Not all biological pseudoscience comes from creationists

August 17, 2009 • 9:36 am

by Greg Mayer

In unrelated browses through the interwebs this morning, I came across two references to some high-priced gab fest called TED, whose slogan is “Ideas worth spreading”. Both the Dish and John Hawks link to this talk at TED by Elaine Morgan of aquatic ape infamy (see Jim Moore’s website). Whoever TED is, he may want to exercise a bit more quality control when selecting speakers. John Hawks’ own take on aquatic apes is worth reading, and I particularly like his epitomization of what pseudoscience is; it’s spot on.

Is the Aquatic Ape Theory fairly described as pseudoscience? Every statement of natural causes is potentially scientific. What distinguishes science from pseudoscience is social. Pseudoscience is supported by assertions of authority, by rejection or ignorance of pertinent tests, by supporters who take on the trappings of scientific argument without accepting science’s basic rules of refutation and replication. Pseudoscience is driven by charismatic personalities who do not answer direct questions. When held by those in power, like Lysenkoism, it destroys honest scientific inquiry. When held by a minority, it pleads persecution.

I think that the Aquatic Ape Theory in 2009 fits the description. (emphasis added)

Neanderthals and sex

March 9, 2009 • 12:10 am

by Greg Mayer

A couple of news items from the past month deserve a quick comment or two. First, at the American Association for the Advancement of Science annual meeting in Chicago last month, Svante Paabo of the Max Planck Institute announced the completion of a draft genome for Neanderthal man, and that it indicated that modern man and Neanderthal man did not interbreed: the Neanderthals are our evolutionary cousins, not members of our own species.  The work by Paabo on the Neanderthal genome, and on ancient DNA in general, is fabulous, but two caveats must be noted: the first draft covers only 63% of the genome; and, most of the DNA comes from one cave in Croatia. So what you can say is in the 63% of the DNA they’ve looked at there’s no sign of interbreeding at this location. But we know secondary contact of differentiated populations in ice age Europe can be very complex; e.g. hooded crows would show evidence of interbreeding with carrion crows if sampled in some places but not others, so the case isn’t closed. And a personal quibble: according to the BBC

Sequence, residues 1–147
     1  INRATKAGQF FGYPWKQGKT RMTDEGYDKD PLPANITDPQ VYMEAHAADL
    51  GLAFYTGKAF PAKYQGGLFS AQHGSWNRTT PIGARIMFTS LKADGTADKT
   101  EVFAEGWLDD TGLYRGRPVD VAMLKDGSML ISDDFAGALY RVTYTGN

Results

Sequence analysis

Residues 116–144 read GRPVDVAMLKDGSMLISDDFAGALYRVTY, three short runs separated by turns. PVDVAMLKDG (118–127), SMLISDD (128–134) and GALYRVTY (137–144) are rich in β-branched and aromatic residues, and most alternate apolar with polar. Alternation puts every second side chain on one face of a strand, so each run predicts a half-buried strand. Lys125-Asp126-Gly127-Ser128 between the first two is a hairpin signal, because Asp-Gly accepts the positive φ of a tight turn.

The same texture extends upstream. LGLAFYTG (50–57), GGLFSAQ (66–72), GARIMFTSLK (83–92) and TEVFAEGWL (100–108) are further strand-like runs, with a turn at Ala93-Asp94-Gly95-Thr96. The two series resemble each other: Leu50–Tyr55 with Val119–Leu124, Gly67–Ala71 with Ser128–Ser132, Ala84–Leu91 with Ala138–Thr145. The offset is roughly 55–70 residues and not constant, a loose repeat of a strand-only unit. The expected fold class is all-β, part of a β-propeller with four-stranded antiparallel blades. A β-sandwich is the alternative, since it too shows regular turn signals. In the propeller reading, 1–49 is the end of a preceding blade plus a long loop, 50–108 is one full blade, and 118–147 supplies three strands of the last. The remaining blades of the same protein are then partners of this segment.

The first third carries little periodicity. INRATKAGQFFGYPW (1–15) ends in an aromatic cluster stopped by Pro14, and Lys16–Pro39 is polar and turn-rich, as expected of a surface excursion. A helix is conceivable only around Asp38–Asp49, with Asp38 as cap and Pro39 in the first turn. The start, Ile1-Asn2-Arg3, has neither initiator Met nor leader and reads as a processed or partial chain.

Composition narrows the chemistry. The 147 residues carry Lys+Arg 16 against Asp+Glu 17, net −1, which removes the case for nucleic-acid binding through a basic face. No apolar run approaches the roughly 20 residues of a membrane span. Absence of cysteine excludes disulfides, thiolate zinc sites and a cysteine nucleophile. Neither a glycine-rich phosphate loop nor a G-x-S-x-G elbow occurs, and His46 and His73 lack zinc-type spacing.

The draft genome can give us clues to the genetic regions which make us “uniquely human”, Prof Paabo told BBC News.

Besides the usual need to realize that knowing the genome of “X” doesn’t mean we know what it is that makes “X” so “X-ian”, Paabo implies here that Neanderthals weren’t human.  But by any biologically coherent notion of human they were (hence Homo neanderthalensis). John Hawks (hat tip: Pharyngula) has an excellent discussion of all sorts of issues relating to the Neanderthal genome.

Second, John Long (who has a wonderful book on fish evolution) and two colleagues published a paper in Nature (abstract only) reporting internal fertilization and vivipary in a placoderm, a group of ancient fish. This is a wonderful discovery, showing again that Philip Skell doesn’t know what he’s talking about (Skell, you’ll recall, had said fossils “cannot reveal the details that made these amazing living organisms function”!!!). But the paper got twisted in media reports into these fish inventing sex.  The BBC headline said “Fish fossil clue to origin of sex“, while, even more inexcusably, the British Museum (Natural History) website had “Fish knew first about sex“. Sexual reproduction originated in bacteria, probably billions of years before these fish. These fish may be the earliest vertebrates with copulation with an intromittent organ (a penis or similar structure); such organs have evolved multiple times, including four times in the amniotes (reptiles, birds, mammals).  The price of journalism is eternal vigilance.